Even before the onset of COVID-19 and shut-downs, isolation, and uncertainty, we have all often heard (and used) the phrase “The struggle is real!” It is a cute hashtag, a camaraderie builder, and even an excuse. But what does it really mean, and what is it really about? Food
choices? Relationship problems? Going to work each day for a job you don’t love? Or feeling unable to have tangible goals in the gym with an inconsistent schedule? Often, then, after lamenting the “struggle,” comes the question of “How do I overcome the uncomfortable?”
I was recently re-reading my old blog, and I was reminded of the many times our dog Misty has helped me answer that question. I take Misty jogging if the weather isn’t too hot, and she loves the opportunity to smell the smells and earn a hard nap. I’ve never been one to really enjoy running, but I push myself to go a couple of times a week for the challenge, as well as the physical (and mental) growth. Having Misty along gives me a partner, and more importantly, someone else to focus on during something that doesn’t excite me.
One April morning Misty and I went for a run. On this particular day, the struggle really WAS real. I didn’t want to go, but she clearly did. I would have been quite content going for a (much preferred) walk, listening to the birds and looking for the first signs of Spring. But alas, she was pulling on her leash, making it clear we were going to jog. We got onto our 3 mile out-and-back course, with me trying to figure out how I would get through this without being annoyed at myself, the process, and at Misty. However, the more I watched Misty, and the more I coached her through the run, I came to realize I had made a decision to be led. I followed her up the hills because I really had no choice—I could have walked, but I would have slowed down HER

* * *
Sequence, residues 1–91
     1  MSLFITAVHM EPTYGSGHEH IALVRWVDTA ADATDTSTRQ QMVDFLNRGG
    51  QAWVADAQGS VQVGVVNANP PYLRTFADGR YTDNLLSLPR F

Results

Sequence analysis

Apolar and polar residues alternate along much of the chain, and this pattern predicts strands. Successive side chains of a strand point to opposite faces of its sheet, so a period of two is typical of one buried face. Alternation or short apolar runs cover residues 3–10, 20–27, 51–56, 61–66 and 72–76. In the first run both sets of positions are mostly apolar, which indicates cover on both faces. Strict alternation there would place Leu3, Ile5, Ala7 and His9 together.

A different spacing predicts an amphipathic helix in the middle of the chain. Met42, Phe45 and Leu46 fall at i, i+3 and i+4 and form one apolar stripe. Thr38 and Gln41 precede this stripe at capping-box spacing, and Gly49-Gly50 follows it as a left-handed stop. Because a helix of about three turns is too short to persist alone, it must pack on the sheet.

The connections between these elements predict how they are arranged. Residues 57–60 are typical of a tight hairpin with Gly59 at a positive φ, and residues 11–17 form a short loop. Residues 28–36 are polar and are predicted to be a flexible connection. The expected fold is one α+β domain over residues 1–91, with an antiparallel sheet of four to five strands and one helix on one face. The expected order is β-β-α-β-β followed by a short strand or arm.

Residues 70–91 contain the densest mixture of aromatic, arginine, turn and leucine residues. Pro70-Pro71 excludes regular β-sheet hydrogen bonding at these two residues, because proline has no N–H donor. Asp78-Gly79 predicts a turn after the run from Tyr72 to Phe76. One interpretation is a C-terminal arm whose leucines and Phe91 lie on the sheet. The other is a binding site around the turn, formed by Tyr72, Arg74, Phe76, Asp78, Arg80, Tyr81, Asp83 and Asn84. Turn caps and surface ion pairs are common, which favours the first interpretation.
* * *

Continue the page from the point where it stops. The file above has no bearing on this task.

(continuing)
progress (and her excitement), and I would have been annoyed at myself for getting in her (and my own) way. And because of that decision, I ultimately served myself better, so that the rest of
my day—in my roles as a parent, a wife, a friend, a business owner—went more smoothly. In that decision, I put aside my “know better” and my plans, and I let someone else guide me to a better end result.
This run, this lesson, was less about being in charge and was more about being a follower. I recognized that sometimes we have to lean on others, trust in their guidance, and listen to their nudges that get us through “the suck.” Whether it is fitness, work, love, or just life, your
foundation of strength comes from within. However, the supporting structures—those things and people that make your foundation strong even on days it feels rocky—are important too. Big things can be achieved by accepting help when it is offered… and allowing others to give you their strength is not only a gift to you, but to them as well.
During this time when we might default to “The struggle is real!” even more than ever, are YOU willing to rely on others? Where can you become better in putting aside your “use-to-could” and be coachable, both in the gym and in life? In what ways can you put aside expectations, and instead, follow someone else’s lead for a better end result?
Uncertain times don’t make the struggle any more real than it has ever been. Instead, uncertain times offer us each an opportunity to give ourselves grace to re-learn what we think we know, grow stronger in areas we didn’t know we need to grow, and to lean on each other for those days when we don’t know where we can grow, how we can do better, or what lesson we can learn.
~Coach Meg Smith